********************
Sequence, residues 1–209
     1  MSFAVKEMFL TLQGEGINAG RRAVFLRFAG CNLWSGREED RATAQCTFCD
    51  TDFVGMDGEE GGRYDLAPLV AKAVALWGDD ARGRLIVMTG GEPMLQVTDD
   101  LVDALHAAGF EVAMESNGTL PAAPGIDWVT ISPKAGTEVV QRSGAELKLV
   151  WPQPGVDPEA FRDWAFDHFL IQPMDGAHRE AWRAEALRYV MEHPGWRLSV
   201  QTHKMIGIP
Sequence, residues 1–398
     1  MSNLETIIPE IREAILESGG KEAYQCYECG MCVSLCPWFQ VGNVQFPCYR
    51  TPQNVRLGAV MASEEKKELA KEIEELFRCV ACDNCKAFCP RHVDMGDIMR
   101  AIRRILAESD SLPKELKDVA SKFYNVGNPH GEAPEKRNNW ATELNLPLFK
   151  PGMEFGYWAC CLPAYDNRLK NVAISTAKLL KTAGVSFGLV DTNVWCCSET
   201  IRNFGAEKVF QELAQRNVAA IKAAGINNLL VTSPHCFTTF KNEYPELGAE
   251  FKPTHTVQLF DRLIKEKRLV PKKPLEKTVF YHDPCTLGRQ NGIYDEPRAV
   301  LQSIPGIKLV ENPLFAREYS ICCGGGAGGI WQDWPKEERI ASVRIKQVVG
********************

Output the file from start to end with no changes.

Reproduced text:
Sequence, residues 1–209
     1  MSFAVKEMFL TLQGEGINAG RRAVFLRFAG CNLWSGREED RATAQCTFCD
    51  TDFVGMDGEE GGRYDLAPLV AKAVALWGDD ARGRLIVMTG GEPMLQVTDD
   101  LVDALHAAGF EVAMESNGTL PAAPGIDWVT ISPKAGTEVV QRSGAELKLV
   151  WPQPGVDPEA FRDWAFDHFL IQPMDGAHRE AWRAEALRYV MEHPGWRLSV
   201  QTHKMIGIP
Sequence, residues 1–398
     1  MSNLETIIPE IREAILESGG KEAYQCYECG MCVSLCPWFQ VGNVQFPCYR
    51  TPQNVRLGAV MASEEKKELA KEIEELFRCV ACDNCKAFCP RHVDMGDIMR
   101  AIRRILAESD SLPKELKDVA SKFYNVGNPH GEAPEKRNNW ATELNLPLFK
   151  PGMEFGYWAC CLPAYDNRLK NVAISTAKLL KTAGVSFGLV DTNVWCCSET
   201  IRNFGAEKVF QELAQRNVAA IKAAGINNLL VTSPHCFTTF KNEYPELGAE
   251  FKPTHTVQLF DRLIKEKRLV PKKPLEKTVF YHDPCTLGRQ NGIYDEPRAV
   301  LQSIPGIKLV ENPLFAREYS ICCGGGAGGI WQDWPKEERI ASVRIKQVVG